With retail thefts on the rise, Washington state Attorney General Bob Ferguson said it is time to take a stronger approach.
On Thursday, Ferguson unveiled a new task force to crack down on organized crime that is costing the state billions.
While Seattle retailers have faced the brunt of the toxic trend, grocery stores in the state have been hit the hardest, and Ferguson acknowledged that stores and local law enforcement need help.
Some local retailers have been taking extreme measures to prevent theft. A Seattle QFC created a plexiglass maze to prevent shoplifters from exiting quickly.
KIRO 7 recently reported about a security guard who was seen on camera tackling a suspected thief.
And while some extreme measures could help cut down on small thefts, Ferguson said it is no match for organized crime rings, which sometimes involve dozens of individuals banding together to pull off multiple store heists.
“No one retail store, no one prosecutor, no one attorney general, no one U.S. attorney can solve the problem. It’s just way too big,” said Ferguson.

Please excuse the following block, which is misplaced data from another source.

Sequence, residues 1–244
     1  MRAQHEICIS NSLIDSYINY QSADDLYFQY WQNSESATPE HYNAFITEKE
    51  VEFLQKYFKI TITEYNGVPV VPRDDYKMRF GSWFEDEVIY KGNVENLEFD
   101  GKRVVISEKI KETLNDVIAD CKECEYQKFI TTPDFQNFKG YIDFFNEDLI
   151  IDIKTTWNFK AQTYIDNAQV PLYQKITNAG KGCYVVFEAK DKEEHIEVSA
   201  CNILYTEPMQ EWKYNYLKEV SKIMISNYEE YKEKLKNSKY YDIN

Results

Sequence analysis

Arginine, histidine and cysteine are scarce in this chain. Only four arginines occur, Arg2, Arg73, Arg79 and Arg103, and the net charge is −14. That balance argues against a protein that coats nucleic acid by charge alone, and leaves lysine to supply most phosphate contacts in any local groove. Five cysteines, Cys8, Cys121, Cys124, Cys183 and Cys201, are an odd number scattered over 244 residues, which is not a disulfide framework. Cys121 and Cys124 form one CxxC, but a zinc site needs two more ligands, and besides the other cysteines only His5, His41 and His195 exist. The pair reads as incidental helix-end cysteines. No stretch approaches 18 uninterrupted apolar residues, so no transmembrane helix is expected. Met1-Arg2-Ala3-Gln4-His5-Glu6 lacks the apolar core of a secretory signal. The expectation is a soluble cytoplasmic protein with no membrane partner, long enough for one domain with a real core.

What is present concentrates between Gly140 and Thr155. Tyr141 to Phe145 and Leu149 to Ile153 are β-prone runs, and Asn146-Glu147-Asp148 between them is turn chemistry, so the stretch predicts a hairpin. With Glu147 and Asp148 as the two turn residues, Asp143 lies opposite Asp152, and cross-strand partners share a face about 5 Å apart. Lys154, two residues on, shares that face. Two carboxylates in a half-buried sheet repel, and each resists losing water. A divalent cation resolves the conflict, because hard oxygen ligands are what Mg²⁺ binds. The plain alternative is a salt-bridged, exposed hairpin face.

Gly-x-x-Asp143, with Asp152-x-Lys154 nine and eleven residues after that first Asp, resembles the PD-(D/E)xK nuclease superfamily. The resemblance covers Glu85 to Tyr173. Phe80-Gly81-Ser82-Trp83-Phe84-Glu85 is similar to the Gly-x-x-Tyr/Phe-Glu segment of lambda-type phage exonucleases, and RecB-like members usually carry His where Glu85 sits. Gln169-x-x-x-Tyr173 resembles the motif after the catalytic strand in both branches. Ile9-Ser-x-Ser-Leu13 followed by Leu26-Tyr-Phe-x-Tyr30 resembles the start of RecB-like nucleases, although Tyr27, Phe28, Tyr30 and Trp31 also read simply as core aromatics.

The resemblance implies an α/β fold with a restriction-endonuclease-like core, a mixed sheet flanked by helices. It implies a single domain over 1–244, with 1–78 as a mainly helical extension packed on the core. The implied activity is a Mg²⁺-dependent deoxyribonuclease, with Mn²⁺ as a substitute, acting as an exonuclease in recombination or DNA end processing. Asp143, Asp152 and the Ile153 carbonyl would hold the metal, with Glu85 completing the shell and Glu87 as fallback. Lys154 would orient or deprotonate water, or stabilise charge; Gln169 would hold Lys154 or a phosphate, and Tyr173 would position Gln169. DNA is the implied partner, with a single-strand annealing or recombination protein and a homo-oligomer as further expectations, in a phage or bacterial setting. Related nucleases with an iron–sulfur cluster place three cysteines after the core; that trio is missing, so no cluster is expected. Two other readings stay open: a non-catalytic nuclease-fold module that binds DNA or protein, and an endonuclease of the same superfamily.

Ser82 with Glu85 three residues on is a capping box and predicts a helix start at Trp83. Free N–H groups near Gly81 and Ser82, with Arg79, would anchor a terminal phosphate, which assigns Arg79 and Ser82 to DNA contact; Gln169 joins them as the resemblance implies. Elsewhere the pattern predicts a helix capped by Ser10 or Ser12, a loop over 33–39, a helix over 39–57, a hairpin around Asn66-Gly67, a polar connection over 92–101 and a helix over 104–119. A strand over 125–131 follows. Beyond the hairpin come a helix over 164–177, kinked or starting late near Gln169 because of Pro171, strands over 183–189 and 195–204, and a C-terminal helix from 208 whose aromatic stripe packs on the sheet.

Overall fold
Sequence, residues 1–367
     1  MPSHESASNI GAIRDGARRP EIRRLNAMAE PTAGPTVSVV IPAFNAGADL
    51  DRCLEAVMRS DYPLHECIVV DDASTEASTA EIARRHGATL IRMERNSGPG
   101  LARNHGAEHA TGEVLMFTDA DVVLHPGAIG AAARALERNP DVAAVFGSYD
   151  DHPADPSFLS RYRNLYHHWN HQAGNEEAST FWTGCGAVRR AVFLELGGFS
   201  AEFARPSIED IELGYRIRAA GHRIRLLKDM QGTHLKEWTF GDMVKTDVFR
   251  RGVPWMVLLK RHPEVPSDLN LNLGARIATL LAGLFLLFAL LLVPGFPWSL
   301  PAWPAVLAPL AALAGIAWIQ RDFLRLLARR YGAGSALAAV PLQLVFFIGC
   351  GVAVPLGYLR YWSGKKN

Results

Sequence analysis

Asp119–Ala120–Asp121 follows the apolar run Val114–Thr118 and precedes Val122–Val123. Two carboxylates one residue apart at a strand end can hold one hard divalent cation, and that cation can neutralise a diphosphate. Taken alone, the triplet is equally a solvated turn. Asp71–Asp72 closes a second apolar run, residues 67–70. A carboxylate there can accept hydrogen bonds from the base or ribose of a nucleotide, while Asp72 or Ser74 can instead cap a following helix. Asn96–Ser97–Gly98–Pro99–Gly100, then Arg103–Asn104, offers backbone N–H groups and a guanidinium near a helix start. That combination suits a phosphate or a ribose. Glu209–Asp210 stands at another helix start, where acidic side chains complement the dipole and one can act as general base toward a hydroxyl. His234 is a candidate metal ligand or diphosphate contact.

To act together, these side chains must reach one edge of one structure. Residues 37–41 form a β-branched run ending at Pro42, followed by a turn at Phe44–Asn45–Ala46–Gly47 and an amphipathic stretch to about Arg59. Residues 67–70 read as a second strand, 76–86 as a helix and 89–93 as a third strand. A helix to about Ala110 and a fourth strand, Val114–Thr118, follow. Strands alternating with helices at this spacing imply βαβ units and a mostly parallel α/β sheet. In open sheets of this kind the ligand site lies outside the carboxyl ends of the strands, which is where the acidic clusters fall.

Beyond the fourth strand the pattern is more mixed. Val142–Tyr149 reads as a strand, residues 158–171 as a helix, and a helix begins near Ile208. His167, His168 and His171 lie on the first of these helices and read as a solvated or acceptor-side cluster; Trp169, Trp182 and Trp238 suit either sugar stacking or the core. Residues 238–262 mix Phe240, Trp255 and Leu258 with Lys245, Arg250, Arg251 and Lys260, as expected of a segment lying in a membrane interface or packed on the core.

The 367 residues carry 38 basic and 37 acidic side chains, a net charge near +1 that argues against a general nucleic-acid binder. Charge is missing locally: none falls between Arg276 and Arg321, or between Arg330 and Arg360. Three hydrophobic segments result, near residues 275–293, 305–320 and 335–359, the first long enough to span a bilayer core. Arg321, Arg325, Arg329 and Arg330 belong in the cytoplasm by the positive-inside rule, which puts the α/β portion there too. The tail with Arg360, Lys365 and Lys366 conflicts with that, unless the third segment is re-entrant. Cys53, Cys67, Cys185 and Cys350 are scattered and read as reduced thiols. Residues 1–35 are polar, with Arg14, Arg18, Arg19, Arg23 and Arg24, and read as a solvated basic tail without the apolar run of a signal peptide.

Last year, organized retail crime cost the state $2.7 billion, which is why Ferguson created the Organized Retail Crime Task Force — a collaborative effort with law enforcement agencies across multiple jurisdictions.
“(We’re working) to bring our resources together, to share information (and) to work together to address what really is a huge, huge challenge,” Ferguson said.
Organized crime could look like three men coordinating an early morning break-in, or it could occur on a smaller scale, like at the downtown Seattle Target, where police arrested a man after he stole alcohol 22 times over the course of a few days.
However, one of the biggest concerns of the task force is stolen baby formula, which is then resold on secondary sites like Amazon and becomes a risk for parents.
“That means that parents who unwittingly buy stolen formula on the secondary market may be putting their babies at significant risk if the thieves, for example, fail to store the product at the appropriate temperatures, or if the thieves manipulated the packaging, such as exchanging the expiration date,” Ferguson said.
He said the task force hopes to have an immediate impact statewide.
“We’re all stepping up to address what really is a true crisis in our state (and) ... has significant implications for businesses and for the people of our state,” said Ferguson.
While you might think that retail theft does not impact a consumer, it does. A rise in theft means a rise in prices.
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